WASHINGTON, PA, April 11, 2014 -- Off 6-1/2 months since wrapping up her freshman season, Seashell Hanover blitzed the field with a powerful first-over move and scored easily in Friday's Do Me Honor Pace at The Meadows. Mamas Fallen Angel and Bet On Me Hanover also took $17,500 opening-leg divisions in the series for 3-year-old pacing fillies named for Do Me Honor, a fast-class mare currently competing at The Meadows for Bill Bercury. Dave Palone and Ron Burke, who teamed for four winners on the day, enjoyed a series double with Seashell Hanover and Bet On Me Hanover. Making her first start in the Burke stable, Seashell Hanover sat fourth before launching her decisive backside move. The daughter of Somebeachsomewhere - Stolly Up Bluechip scored in 1:55.3 on a sloppy surface, 5-1/4 lengths better than Marissa. Early leader Bella's Quik finished third. William Switala, James Martin and Joseph Critelli own Seashell Hanover. In the $20,000 Winners Over $10,000 Life/Preferred Handicap Pace, Dedi's Dragon retook the lead from Sam Hill at the quarter pole, then held on for Palone and Burke to defeat Sam Hill by 1/2 length in 1:53.1, with Top Of The Mark third. Burke Racing Stable, Weaver Bruscemi LLC, Phillip Collura and Tracy Hendler own Dedi's Dragon, a 4-year-old son of Dragon Again-Dedi's Dream who now boasts $614,459 in career earnings. Tony Hall drove five winners on the 15-race card while Eric Ledford fashioned a triple. by Evan Pattak, for the Meadows
On paper, the $83,000 Clyde Hirt Final appeared to be a wide open race. But on the racetrack, it was anything but. Avatartist, sent off as the 9-5 favorite, made the early lead in 26.1 prior to yielding to the pocket. Driver Dave Miller made an aggressive move down the backstretch, reclaiming the lead past a 53.3 half-mile. The Buckeye threw down the gauntlet and opened up a commanding lead heading to the top of the stretch and never had an anxious moment in the stretch winning in a stakes record 1:50.1. Alexa's Jackpot rallied very well off dull cover to be second, while Wake Up Peter came from an impossible spot to be third. The winner is trained by Tony O'Sullivan for owners William Hill, Peter Harrisson, Michael Saftic and James Walker. Ironically, Avatartist is not eligible to the upcoming Whata Baron series which begins Saturday April 5th, while Alexa's Jackpot and Wake Up Peter are heading to that series next. In the $60,600 Final of The Horse & Groom, it was a perfect storm for Hldontghttoyurdrms in more ways than one. First, the 3-5 favorite Bambino Glide made a break prior to the start, never to be involved. At the start, round one winner Amigo Ranger went off-stride. Next, turning down the backstretch, with Hldontghttoyurdrms leading through a 27.3 opening quarter, pocket-sitting March Awareness broke stride, leaving the pace-setter with a six length lead heading to the half. Hldontghttoyurdrms got that half in 55.4 and three quarters in 1:24.3, while never facing a challenge and romping to an easy score in 1:53.4 for Canadian based driver Jonathan Drury. The winner had been a bit disappointing in the first two rounds of the series, but with the money down, the gelded son of Muscles Yankee got the job done. He is trained by Corey Johnson for owners Saverio Spagnolo, Frank Schimizzi and Frank Spagnolo. Longshot Magglio was second with Crosbys Clam Bake finishing third. Scott Zeron and Jim Morrill, Jr. were the Winners in Round 2 of the Legends vs. Phenoms Drivers Challenge. Scott Zeron continues to make plenty of noise at The Meadowlands as he easily led the Phenoms from gate to wire to win the second leg of the Driver Challenge with 85 points. Zeron also won the "phenom" category last week as well. While Zeron is dominating the Phenoms, the Legends category has been a battle. Tonight, Andy Miller and Jim Morrill Jr. went into the last race each with 83 points, with first round winner Dave Miller right behind with 81 points. In the end, it was Jim Morrill Jr, with 90 points winning round 2 for the Legends. For the tournament, Dave Miller (172) leads the "Legends" followed by Andy Miller (160), Jim Morrill Jr. (158), Corey Callahan (74) and John Campbell (73). Scott Zeron (163) is cruising along in the "Phenoms" category. Joe Bongiorno (90) is a clear-cut second. Rounding out the top 10 are Tony Hall (60), Jonathan Drury (54), Steve Smith (52), Jim. Marohn Jr. (49), Vincent Ginsburg (46), Tyler Smith (45), Jim Meittinis (33) and Eric Abbatiello (22). On Saturday April 26th, the top five Legends and the top five Phenoms will qualify for the Driver Challenge Final, with the winner earning $15,000. Racing resumes on Friday with the first round of the Artistic Vision series for pacing mares, with post time at 7:15 P.M. by Darin Zoccali, for the Meadowlands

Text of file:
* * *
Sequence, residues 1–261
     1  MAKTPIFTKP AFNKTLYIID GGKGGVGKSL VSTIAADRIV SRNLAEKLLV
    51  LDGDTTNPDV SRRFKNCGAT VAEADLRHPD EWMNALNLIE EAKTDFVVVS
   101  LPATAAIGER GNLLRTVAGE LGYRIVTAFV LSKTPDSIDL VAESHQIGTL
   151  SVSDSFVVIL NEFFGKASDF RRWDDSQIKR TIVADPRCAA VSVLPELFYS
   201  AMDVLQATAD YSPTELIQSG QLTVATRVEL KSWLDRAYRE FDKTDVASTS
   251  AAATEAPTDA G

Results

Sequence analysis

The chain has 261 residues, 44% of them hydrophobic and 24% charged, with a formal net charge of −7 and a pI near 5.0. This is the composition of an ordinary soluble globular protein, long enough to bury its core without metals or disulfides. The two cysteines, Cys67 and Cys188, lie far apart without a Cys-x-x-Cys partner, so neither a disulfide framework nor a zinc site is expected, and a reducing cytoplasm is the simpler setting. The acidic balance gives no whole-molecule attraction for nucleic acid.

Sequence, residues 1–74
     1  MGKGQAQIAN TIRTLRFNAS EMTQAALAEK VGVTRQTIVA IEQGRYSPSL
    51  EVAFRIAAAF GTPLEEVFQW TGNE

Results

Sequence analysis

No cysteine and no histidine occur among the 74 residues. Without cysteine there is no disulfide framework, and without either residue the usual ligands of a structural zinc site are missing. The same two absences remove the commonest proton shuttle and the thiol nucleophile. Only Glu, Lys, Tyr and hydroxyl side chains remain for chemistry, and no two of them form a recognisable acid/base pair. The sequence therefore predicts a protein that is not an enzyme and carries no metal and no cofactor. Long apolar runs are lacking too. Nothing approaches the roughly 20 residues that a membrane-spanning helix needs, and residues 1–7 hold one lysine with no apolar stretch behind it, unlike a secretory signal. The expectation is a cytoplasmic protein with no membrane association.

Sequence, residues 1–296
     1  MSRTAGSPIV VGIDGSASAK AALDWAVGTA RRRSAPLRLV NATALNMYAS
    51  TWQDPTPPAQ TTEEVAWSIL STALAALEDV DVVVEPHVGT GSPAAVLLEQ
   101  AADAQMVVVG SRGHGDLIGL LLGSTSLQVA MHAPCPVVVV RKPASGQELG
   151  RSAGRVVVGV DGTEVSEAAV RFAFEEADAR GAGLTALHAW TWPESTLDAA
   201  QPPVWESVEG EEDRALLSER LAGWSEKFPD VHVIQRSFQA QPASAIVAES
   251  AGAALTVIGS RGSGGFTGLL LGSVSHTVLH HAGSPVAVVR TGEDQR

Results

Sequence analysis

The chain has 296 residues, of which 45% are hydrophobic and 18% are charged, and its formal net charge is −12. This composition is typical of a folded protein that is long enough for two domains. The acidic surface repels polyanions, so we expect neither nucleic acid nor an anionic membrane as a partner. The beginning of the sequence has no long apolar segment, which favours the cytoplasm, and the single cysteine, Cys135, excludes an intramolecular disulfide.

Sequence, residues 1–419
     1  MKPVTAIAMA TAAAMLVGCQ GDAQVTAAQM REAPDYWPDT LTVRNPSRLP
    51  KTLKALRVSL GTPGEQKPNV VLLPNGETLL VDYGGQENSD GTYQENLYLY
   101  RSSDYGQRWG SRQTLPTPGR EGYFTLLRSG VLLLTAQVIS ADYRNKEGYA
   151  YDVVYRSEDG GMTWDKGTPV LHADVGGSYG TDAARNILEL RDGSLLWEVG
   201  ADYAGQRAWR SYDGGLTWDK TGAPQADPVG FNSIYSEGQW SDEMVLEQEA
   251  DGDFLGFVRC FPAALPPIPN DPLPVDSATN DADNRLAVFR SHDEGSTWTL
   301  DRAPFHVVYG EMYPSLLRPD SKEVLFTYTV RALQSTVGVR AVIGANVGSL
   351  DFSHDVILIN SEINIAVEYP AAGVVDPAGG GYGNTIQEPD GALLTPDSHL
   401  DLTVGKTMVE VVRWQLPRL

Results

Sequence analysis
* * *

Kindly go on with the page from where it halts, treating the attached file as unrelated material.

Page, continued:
WASHINGTON, PA, March 25, 2014 -- A newcomer to The Meadows' trotting elite, Holy Halibut made it look easy Tuesday as he captured the $20,000 Winners Over $10,000 Life/Preferred Handicap in 1:54.1 for his second straight victory. Holy Halibut broke stride in his first two starts of 2013 but overwhelmed the field in winning his most recent outing, a conditioned event. On Tuesday, he got away third for Dave Palone and powered to the lead at the quarter pole. When he threw down a 56.4 back half, the 6-year-old Holy Guacamolie-CR Gone Fishin gelding was uncatchable. Tamarind raced well first over for second, 1-1/2 lengths back, while Call To Post shot the Lightning Lane for show. Ron Burke trains Holy Halibut, who now boasts $225,145 in career earnings, for Burke Racing Stable, Weaver Bruscemi LLC and Michelle Yanek. Tony Hall and Aaron Merriman each drove three winners on the 15-race card. On Wednesday the Meadows Racetrack & Casino will offer a $7,500-guaranteed pool for its Pick 5 wager as part of the United States Trotting Association's Strategic Wagering Initiative. No one has correctly picked the Pick 5 for two consecutive programs, resulting in a carryover of $2,172.08 that prompted The Meadows to offer the “instant” guarantee. Minimum wager for the Pick 5, which spans Races 11 through 15, is 50 cents. Since Pennsylvania law requires a minimum per-race wager of $2, a player wagering at the 50-cent level must bet at least four tickets. First post Wednesday is 12:55 PM. by Evan Pattak, for the Meadows